Youth advocate, social media activist and father Collin Kartchner wants to motivate teens and parents to disconnect from anxiety-inducing social media and reconnect with others around them in healthy relationships.
“I receive hundreds of messages every day from teens, telling me of the negative impact social media has on their mental health,” Kartchner said. “When you tell them that they can break free from the toxic perfectionism, they clap, they cheer, they cry, they hug me because they are exhausted from trying to be perfect.”
Kartchner recently shared his message, encouraging teens and families to make changes in their relationships with social media and smartphones during school assemblies and parent nights in Kalispell and Whitefish.
On Tuesday Kartchner first asked an audience of parents at the Whitefish Performing Arts Center to stand up and take a pledge before he dove into the perils of social media and screen time in regard to children’s mental health, wellbeing and safety.
Pulling up the pledge on a screen, he asked them to say their own name as they recited: “I, Collin, do solemnly swear that I will not go straight home tonight after this meeting and chuck my kid’s phone into the Whitefish Lake or light their Xbox on fire,” Kartchner said. Instead, he encouraged parents to wait a week and let the information sink in before coming up with a plan that involves the whole family.
Not too long into the presentation, he had the room full of adults, and some children, hugging each other for at least eight seconds to impart the power of physical human connection.
Kartchner’s campaign to #SavetheKids from social media and screen addiction started out as an Instagram account, parodying an online culture obsessed with perfection. What shifted the direction of the social media account came after he ran into a friend and was shocked to learn her daughter had died from a drug overdose. He said the mother traced her daughter’s depression back to social media and recalled the day she gave her a smartphone was the day she lost her child, comparing the phone to a loaded gun.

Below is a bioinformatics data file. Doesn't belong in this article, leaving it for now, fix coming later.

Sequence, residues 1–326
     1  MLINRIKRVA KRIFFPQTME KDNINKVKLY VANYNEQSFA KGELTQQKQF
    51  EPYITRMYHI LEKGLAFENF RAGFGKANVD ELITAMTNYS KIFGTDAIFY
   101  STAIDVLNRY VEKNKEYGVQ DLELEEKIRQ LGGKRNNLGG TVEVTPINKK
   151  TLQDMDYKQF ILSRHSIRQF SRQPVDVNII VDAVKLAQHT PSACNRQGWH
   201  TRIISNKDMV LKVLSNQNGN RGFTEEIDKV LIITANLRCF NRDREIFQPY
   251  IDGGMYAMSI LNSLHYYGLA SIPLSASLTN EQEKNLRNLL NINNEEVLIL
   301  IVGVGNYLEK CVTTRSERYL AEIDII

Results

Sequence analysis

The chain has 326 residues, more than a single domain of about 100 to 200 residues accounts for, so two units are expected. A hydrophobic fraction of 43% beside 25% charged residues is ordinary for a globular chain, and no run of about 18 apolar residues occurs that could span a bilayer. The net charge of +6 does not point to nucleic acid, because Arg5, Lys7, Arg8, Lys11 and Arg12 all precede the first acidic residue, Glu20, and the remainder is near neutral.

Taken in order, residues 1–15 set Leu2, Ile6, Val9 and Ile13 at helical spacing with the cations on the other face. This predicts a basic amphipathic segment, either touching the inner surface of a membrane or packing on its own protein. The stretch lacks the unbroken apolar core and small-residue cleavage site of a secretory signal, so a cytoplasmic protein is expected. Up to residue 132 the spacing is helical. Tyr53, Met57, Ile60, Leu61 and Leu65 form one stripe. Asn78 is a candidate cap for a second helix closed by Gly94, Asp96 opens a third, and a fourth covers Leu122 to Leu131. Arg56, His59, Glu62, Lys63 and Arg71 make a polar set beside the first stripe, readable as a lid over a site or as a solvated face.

“Let me just say this, No. 1, none of us had any idea we’d be dealing with this — none of this. No.2, we are the first-generation tech parents dealing with this. There are no textbooks. We have to talk to each other. Some of you have already gone through crap and hell and back with your kids and you have a lot of stories. You can help others. We have to talk to each other. And last, this is a no-shame evening,” Kartcher said.
There’s a lot at stake, he said.
“Here’s what’s at stake. We’re in the middle of a public-health crisis. There’s no other way to say this,” Kartchner said, citing various statistics on depression, suicide and self-harm rates and the effects of cumulative screen time.
He said it’s not just an issue with the constant struggle for perfection, online bullying or sexting, but the questionable content youth are subjected to in apps supposedly geared to children 12 and up in the form of pornographic links, images, videos, in addition to these apps being a place for online predators.
And he rebukes the notion that “kids today have changed” and all they do is “play video games and eat sugar.”
“No, kids haven’t changed at all. Kids have been the same for millions of years. We’ve changed. Right. We’ve changed,” Kartchner said. “We created these systems and new technology that we hand our kids. And some of it has been amazing; we’re not going to disregard that, but some of it has been horrible and it’s ruining our kids and robbing our kids of their childhood and we’re kind of sitting back and wondering, should we do something? And we need to start doing something.”